So, by now you’ve probably come to terms with bubble baths not necessarily being the healthiest, most nourishing alternative for your skin.
C’est la vie, crunchy people. C’est la vie.
Life goes on, and in much more luxurious, relaxing ways.
Here are your 5 ideas to turn your bathtime into a grown-up spa fit for a queen. Or a Kardashian. Or a Kardashian’s stylist (she probably really needs some spa time right now).
Each of them serve a beautifying purpose, and each of them are (of course) environmentally friendly and 100% natural. Straight from nature. No synthetic chemicals applied.
1. Milk and Honey – Bathe Like an Egyptian
You may have heard of Cleopatra. She ruled Egypt. She was beautiful. And she bathed in milk and honey.
As cliche as it may sound, bathing in milk and honey is a fantastic way to get soft, supple skin – all over your body. The lactic acid in milk is very exfoliating, and honey is softening, moisturizing, and all-around beautifying.
The key is to use full-fat milk (or powdered milk) and pure honey. Full-fat milk will not only exfoliate the skin, but it will also moisturize.
How to take a milk and honey bath: Pour 1-2 cups of milk (or 1/2 c. full-fat powdered milk) and 1/2 c. honey under running, warm water. Swish around to mix, and hop in. Close your eyes and imagine 5 beautiful servant men fanning you with palm leaves. Repeat as necessary.
For full effect, brush your skin lightly and in circular motions with a dry brush or a washcloth before getting in the bathtub.
2. Soak in Champagne or Red Wine
It may not be economically feasible to soak in wine or champagne daily, but this bath is a decadent (and highly effective) treat for any skin type. In fact, the veritable Teri Hatcher swears by her wine baths as antiaging and skin softening.
The polyphenols in red wine are incredible antioxidants (read: antiaging) and the tartaric acid in champagne lightens skin and helps reduce discoloration and fine lines. Both red wine and champagne are also great for cleansing pores and then reducing their appearance.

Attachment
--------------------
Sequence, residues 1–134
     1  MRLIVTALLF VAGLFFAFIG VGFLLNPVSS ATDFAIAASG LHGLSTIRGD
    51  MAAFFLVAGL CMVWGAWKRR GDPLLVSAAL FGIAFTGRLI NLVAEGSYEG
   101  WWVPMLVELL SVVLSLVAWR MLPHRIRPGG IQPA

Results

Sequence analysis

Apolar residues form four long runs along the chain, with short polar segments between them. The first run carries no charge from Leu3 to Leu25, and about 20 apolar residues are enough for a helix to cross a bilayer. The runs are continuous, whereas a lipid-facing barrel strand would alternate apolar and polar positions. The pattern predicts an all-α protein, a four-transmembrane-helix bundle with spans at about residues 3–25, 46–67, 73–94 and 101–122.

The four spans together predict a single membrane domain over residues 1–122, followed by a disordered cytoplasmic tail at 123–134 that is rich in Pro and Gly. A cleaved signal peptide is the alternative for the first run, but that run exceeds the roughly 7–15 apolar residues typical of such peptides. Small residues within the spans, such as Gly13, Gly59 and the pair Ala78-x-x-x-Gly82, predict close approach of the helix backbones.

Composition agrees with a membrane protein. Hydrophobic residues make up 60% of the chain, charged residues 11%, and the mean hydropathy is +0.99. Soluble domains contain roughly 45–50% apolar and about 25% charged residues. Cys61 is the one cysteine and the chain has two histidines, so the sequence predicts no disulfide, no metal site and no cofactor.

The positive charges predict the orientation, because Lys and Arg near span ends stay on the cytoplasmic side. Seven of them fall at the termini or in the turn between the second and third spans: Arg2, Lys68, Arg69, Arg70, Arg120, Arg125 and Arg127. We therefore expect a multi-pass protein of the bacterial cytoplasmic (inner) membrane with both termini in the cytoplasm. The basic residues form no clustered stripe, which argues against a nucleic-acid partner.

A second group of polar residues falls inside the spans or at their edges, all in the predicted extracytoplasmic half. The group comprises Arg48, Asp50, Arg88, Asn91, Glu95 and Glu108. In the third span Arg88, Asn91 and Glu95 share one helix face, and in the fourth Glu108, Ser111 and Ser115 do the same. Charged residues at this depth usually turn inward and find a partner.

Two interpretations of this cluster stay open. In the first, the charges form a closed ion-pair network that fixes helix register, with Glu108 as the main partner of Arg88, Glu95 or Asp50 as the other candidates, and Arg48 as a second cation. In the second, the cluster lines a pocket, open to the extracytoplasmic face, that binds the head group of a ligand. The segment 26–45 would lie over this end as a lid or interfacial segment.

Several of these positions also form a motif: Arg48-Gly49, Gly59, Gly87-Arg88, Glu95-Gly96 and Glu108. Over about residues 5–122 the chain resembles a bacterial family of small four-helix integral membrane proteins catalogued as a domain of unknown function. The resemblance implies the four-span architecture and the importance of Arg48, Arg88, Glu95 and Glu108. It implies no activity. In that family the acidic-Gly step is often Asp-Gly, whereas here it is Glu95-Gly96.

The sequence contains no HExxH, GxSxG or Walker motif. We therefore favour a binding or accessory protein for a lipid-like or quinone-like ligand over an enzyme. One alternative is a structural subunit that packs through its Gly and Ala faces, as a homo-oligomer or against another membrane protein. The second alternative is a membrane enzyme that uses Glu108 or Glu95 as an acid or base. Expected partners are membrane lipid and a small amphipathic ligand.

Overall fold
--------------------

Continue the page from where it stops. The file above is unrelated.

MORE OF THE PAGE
Lest you think this is still a wasteful idea, let it be known that bathing with either of these two heavenly liquids after they’ve gone flat or turned is still a very beautifying experience.
So never again will you have to throw out that last cup of champagne or wine that’s sat alone in the back of the fridge. Now, you can bathe in it. Genius!
How to take a wine or champagne bath: Simply pour a glass (or more) of red wine or champagne into your running bath. Soak for 20 minutes. Feel extravagant.
3. Rejuvenate with Epsom Salts – Sexier Than You Think
Want to feel like you just left a full-body massage given by a man named Hans Hermann (nickname: The Austrian Biceps) without leaving your house? Soak your body in some epsom salts.
Here’s the coolest thing I know about epsom salts: Scientists have proven that your body actually soaks UP the magnesium in epsom salts when you bathe in it. So taking a bath in them is akin to getting a good dose of magnesium.
What does magnesium do? It relaxes you. It soothes aching muscles. It regulates blood pressure. It regenerates and heals skin cells.
And soaking in epsom salts themselves? It reduces swelling, helps heal bruises, and detoxifies your system handily.